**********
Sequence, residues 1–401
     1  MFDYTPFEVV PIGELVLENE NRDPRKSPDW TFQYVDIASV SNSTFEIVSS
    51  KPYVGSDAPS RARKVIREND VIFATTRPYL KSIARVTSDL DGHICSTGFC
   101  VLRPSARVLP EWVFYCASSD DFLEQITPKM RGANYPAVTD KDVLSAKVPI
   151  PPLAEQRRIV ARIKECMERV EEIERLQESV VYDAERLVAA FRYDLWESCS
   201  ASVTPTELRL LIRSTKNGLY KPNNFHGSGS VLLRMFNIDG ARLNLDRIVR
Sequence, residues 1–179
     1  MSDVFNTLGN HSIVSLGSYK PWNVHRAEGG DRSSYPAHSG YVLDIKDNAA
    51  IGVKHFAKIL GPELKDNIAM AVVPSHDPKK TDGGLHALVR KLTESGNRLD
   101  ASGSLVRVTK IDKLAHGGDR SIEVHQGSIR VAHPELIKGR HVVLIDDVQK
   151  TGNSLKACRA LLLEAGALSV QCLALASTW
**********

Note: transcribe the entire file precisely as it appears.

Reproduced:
Sequence, residues 1–401
     1  MFDYTPFEVV PIGELVLENE NRDPRKSPDW TFQYVDIASV SNSTFEIVSS
    51  KPYVGSDAPS RARKVIREND VIFATTRPYL KSIARVTSDL DGHICSTGFC
   101  VLRPSARVLP EWVFYCASSD DFLEQITPKM RGANYPAVTD KDVLSAKVPI
   151  PPLAEQRRIV ARIKECMERV EEIERLQESV VYDAERLVAA FRYDLWESCS
   201  ASVTPTELRL LIRSTKNGLY KPNNFHGSGS VLLRMFNIDG ARLNLDRIVR
Sequence, residues 1–179
     1  MSDVFNTLGN HSIVSLGSYK PWNVHRAEGG DRSSYPAHSG YVLDIKDNAA
    51  IGVKHFAKIL GPELKDNIAM AVVPSHDPKK TDGGLHALVR KLTESGNRLD
   101  ASGSLVRVTK IDKLAHGGDR SIEVHQGSIR VAHPELIKGR HVVLIDDVQK
   151  TGNSLKACRA LLLEAGALSV QCLALASTW